Studies have yet to show much benefit from technology in schools, leading some to wonder whether the offline life is better for children.
It’s late morning and the children in Maria Woolley’s class at the Iona school in Nottingham are busy kneading dough. The dough is made from flour they saw ground at the local windmill using grains harvested from a nearby farm they had visited. During the morning lesson the children have sung songs, recited poetry and done rhythmic clapping and stomping.
There is no uniform here, and no headteacher – the school is run by staff and friends – and, unlike the vast majority of primary schools these days, here the students don’t work on tablets or computers. At the front of the class is an old-fashioned blackboard.
The methods at the school, which are based on the controversial teachings of Austrian 19th century philosopher Rudolf Steiner, may be different from those employed in mainstream state schools, but the Iona was recently declared outstanding by the School Inspection Service – the independent equivalent of Ofsted. The report noted that “pupils do not use computers or the internet when in school but staff have ensured that they have learned about internet safety”. It went on: “Teaching is inspirational and highly effective … teachers are very well trained and highly skilled.”
Any school would be grateful to be described in such glowing terms but the staff here are particularly proud that they achieved their outstanding status without technology. In addition to the ban on computers in school, parents are discouraged from letting their children watch television, play computer games or use smartphones at home.
The Iona school was set up in 1985 by Richard Moore, who had worked for 10 years as a state primary teacher. “Mainstream education was becoming prescriptive even then,” he says, “so what appealed to me about Steiner was that it stressed that the work of children was play.” Today the school – one of 33 schools that follow the Steiner curriculum – has 87 children aged between three and 12 and costs £5,402 a year.
Under the government’s free schools and academies programme, four Steiner schools are now state funded. The schools, based on the spiritual movement of “anthroposophy”, are controversial because Steiner’s views on, for example, race have been discredited. But even some who question the philosophy or ideology may wonder whether these schools have a point about resisting the blanket use of technology.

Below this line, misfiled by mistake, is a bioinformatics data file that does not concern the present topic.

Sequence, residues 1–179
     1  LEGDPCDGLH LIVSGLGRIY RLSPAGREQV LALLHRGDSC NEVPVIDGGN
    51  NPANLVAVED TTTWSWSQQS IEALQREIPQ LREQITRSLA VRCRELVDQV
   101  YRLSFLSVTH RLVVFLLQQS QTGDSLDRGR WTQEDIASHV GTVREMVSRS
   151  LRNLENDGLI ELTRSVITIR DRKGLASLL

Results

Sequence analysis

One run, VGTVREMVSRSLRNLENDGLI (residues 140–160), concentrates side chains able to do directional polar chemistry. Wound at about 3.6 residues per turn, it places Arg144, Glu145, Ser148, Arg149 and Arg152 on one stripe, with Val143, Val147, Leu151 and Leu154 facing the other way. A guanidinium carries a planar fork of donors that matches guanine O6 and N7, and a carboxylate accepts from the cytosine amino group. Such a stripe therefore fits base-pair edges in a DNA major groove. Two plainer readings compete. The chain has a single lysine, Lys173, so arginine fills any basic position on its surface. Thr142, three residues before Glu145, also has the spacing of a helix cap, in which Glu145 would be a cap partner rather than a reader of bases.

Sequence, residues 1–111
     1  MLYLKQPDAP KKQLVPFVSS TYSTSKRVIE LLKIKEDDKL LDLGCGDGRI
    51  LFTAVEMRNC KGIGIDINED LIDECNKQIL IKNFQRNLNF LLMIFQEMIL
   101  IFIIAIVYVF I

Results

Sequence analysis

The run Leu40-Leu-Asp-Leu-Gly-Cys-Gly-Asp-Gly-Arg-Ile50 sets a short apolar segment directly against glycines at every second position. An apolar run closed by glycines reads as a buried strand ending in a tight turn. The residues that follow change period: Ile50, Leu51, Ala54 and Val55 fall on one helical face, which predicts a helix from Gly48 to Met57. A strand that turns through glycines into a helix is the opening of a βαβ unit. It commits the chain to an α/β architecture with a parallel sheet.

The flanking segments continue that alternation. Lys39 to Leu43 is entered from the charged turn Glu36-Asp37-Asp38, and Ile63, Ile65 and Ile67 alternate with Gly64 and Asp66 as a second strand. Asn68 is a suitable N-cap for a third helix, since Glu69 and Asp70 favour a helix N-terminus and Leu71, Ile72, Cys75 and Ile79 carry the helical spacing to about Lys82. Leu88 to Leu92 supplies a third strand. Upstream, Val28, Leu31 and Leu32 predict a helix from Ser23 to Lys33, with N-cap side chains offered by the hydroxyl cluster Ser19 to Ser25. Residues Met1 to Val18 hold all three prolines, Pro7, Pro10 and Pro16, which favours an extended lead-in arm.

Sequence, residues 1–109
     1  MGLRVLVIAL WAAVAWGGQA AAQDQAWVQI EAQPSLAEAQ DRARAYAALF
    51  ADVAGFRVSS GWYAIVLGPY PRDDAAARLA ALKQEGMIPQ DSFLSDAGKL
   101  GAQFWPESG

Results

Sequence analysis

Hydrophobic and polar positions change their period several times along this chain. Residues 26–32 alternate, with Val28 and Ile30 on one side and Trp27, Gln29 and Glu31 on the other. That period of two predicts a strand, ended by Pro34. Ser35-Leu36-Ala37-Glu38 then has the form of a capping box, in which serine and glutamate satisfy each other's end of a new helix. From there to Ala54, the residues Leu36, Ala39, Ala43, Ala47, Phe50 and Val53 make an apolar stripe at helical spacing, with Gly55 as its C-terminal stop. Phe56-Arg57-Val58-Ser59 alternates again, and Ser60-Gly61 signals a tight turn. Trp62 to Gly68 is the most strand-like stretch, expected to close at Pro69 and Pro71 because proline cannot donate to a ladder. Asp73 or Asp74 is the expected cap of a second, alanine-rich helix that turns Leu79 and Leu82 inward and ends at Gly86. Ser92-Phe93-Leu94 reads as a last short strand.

“Rudolph Steiner and many other childhood thinkers through the 19th and 20th centuries emphasised the importance of understanding how young children naturally learn to learn, and of providing educational experiences which build on their natural interests and curiosity,” explains David Whitebread, director of the Centre for Research on Play in Education, Development and Learning at Cambridge University. “Early childhood and primary education in the UK has moved a long way from this to a top-down, state-imposed curriculum model.”
Critics suggest that in not allowing children to use screens as part of its ideology Steiner schools are putting them at a disadvantage. “The needs of our young people are that when they leave school, they become part of a world that is highly likely to include technology,” says Mark Chambers, the chief executive of NAACE, a professional association for those concerned with advancing education using technology. “We should be doing all we can to help them be prepared for that world, just as we would for the physical world that is around them.”
David Andrews, who was a primary teacher in Hull for 10 years, now runs a website on how to use technology to support learning in the classroom. “In some schools, technology is used poorly and it can have a damaging impact on education,” he says. But when used creatively, “technology can engage the children because of their experience of what they are doing at home, where they may be watching television or gaming”.